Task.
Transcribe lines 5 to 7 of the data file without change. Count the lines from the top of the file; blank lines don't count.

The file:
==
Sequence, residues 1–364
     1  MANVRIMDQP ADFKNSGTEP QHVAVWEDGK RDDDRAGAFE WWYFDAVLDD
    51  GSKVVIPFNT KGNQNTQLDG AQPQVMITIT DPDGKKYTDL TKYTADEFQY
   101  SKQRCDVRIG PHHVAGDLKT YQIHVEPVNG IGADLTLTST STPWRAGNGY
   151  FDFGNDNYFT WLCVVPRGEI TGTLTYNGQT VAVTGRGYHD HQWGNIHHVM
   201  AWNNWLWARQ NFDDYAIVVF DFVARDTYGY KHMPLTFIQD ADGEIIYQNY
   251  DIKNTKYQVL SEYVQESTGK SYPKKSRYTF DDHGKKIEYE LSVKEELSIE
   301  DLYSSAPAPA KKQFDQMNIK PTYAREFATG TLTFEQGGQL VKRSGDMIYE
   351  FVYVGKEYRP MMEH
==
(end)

   151  FDFGNDNYFT WLCVVPRGEI TGTLTYNGQT VAVTGRGYHD HQWGNIHHVM
   201  AWNNWLWARQ NFDDYAIVVF DFVARDTYGY KHMPLTFIQD ADGEIIYQNY
   251  DIKNTKYQVL SEYVQESTGK SYPKKSRYTF DDHGKKIEYE LSVKEELSIE